A report by a school traffic specialist with the DOT in Raleigh concluded that a middle turn lane is not the solution to traffic back-ups in front of Hazelwood Elementary school during afternoon hours, which was the primary stated purpose of the project. Meanwhile, the Haywood County School Board voted unanimously to ask local DOT leaders to evaluate the road-widening plan with school officials before moving forward.
Residents along the road are opposed to the middle-turn lane on several grounds: it would lop off their front yards, could serve to speed up traffic by creating a visually wider thoroughfare and would alter the character of their semi-rural community.
Every afternoon when school lets out, a line of cars backs up along the two-lane road as parents wait to turn into the school. The local DOT pitched a middle-turn lane as the solution.
But building a middle-turn lane to serve as a parking place for a queue of parents is not the best solution, according to Joel Cranford, a DOT school traffic specialist who has studied Hazelwood Elementary School traffic flows.
“The real issue out there is do these vehicles need to be out in the road? Is it reasonable for those cars to be in the roadway?” Cranford asked. “No, they shouldn’t be. The school needs to be accountable for the traffic it generates.”
Instead of a middle-turn lane, Cranford recommends expanding the driveway on the school property. (see article below)
Conrad Burrell, the regional representative on the state DOT board that has final say over road projects, said the report from the school traffic specialist could offer an alternative.
“We could take a second look at the project and see what these folks recommend,” Burrell said.
Sybil Mann, an opponent to the project, said if improving school congestion is the goal, then a middle-turn lane is clearly not needed, according to the DOT’s own analysis.
“If the real purpose of this is to relieve the congestion at the school, then this certainly gives us hope,” Mann said of the alternative.
Meanwhile, at a meeting last month, the Haywood County School Board questioned whether the DOT could put its money toward a new parking lot and driveway design on the school property in lieu of the middle-turn lane. While the project has been in the planning stages for two years, local DOT officials have not consulted anyone with the school system on the project.
Jim Griffin, the director of auxiliary services and maintenance for Haywood County Schools, attended the most recent meeting between DOT officials and residents last month in hopes of finding out about the plan and reported back to the school board.
Griffin told the school board the DOT officials seemed “ill prepared” to discuss the project at the meeting with residents, lacking traffic counts or studies of Plott Creek Road in front of the school. Local DOT officials were not aware that a DOT school traffic specialist in Raleigh had studied the situation and drafted recommendations.
“I went to Mr. Setzer (Joel Setzer, head of the local DOT division) and said we would hope to sit down and look at other options, such as could we use some of your money to redesign our parking lot to improve traffic flow,” Griffin said.
School board members said it sounded like a good idea and voted unanimously on a motion that asked DOT to hold off on the project until “Haywood County Schools be allowed to investigate the matter.”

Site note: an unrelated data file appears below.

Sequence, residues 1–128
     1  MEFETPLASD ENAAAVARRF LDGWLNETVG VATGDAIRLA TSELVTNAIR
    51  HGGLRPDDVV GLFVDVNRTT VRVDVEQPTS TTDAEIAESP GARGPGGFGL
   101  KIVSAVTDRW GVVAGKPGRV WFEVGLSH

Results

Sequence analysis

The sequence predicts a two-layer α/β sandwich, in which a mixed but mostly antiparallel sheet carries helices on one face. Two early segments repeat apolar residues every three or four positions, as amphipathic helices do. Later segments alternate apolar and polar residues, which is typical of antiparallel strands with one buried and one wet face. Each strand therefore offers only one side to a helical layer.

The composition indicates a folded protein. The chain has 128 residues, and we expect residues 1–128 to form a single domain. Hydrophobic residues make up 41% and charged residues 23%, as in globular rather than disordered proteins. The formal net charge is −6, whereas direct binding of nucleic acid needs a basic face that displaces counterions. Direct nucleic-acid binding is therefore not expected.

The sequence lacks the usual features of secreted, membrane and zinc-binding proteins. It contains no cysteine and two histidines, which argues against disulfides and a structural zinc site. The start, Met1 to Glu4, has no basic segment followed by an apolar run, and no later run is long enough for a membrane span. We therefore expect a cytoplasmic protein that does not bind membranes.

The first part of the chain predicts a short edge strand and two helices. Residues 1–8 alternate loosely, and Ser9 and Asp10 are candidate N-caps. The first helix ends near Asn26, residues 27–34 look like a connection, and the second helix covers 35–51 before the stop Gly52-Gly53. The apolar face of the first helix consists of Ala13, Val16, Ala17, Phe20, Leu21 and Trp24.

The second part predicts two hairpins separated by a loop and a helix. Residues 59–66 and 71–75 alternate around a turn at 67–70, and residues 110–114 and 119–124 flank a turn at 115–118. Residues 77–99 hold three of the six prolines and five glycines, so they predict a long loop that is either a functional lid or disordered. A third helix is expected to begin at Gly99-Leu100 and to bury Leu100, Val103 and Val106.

“Since they didn’t involve us to start with, we need to get involved on the back end of it,” school board member Walt Leatherwood said at school board meeting two weeks ago. “I would like to see us come up with a solution to this problem.”
School board members said they would simply like to know what DOT is thinking.
“That’s what we need to know. Why? What’s the deal?” said school board member Michael Sorrells.
Joel Setzer, head of the DOT for the 10 western counties known as Division 14, has repeatedly told residents he could not kill the project because he wanted Haywood County to get a fair share of the N.C Moving Ahead budget, a special allotment for road projects aimed at safety.
When cost overruns forced Setzer to trim projects from the Moving Ahead list, he cut five other projects but left in Plott Creek. Setzer said he wanted to ensure money was split equally among Division 14’s three regions.
“We tried to spend a third in each of our regions,” Setzer said in an interview. “As we developed cost estimates and things started running over and we started having to trim the program, we also attempted to trim it in a manner that still left about a third of the money in each of the districts.”
Setzer told residents at the public meeting last month the same thing.
But an analysis of the DOT’s Moving Ahead budget shows otherwise. The region that includes Haywood County is getting a far bigger share of the Moving Ahead money than the other two.
The region comprised of Cherokee, Clay, Graham and Macon counties is getting $7.7 million. The region comprised of Henderson, Polk and Transylvania counties is getting $4.78 million. The region comprised of Haywood, Jackson and Swain counties is getting $9.3 million. If the Plott Creek project was killed, it would still have $8.6 million in projects — more than any other district.
The Plott Creek project is estimated at $1.66 million, and $725,000 will come out of Moving Ahead money.
In Haywood County, $1.5 million in Moving Ahead dollars already were used to address traffic congestion at Tuscola High School, namely to build a second entrance to the school and a driveway on school property. Opponents to the middle-turn lane on Plott Creek point to this precedent as proof the DOT could use its Moving Ahead dollars to rework the parking lot and driveway on Hazelwood Elementary School’s own property instead of building a middle-turn lane.